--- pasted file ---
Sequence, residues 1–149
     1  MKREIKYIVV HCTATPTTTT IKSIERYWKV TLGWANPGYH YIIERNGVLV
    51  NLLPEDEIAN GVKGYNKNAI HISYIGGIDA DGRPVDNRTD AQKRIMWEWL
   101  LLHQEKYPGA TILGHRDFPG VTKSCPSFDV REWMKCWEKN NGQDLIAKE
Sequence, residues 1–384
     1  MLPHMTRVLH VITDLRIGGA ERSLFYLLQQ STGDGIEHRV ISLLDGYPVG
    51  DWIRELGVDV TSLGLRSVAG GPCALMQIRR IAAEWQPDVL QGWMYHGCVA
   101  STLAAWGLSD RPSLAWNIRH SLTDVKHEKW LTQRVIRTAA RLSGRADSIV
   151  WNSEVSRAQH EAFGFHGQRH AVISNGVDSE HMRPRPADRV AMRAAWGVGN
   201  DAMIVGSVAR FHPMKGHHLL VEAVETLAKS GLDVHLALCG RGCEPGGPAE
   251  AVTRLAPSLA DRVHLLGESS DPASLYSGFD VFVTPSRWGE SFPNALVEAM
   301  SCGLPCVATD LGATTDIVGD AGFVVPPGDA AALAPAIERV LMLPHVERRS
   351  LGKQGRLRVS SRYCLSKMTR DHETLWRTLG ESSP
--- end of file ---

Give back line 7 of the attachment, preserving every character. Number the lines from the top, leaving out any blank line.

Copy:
    51  DWIRELGVDV TSLGLRSVAG GPCALMQIRR IAAEWQPDVL QGWMYHGCVA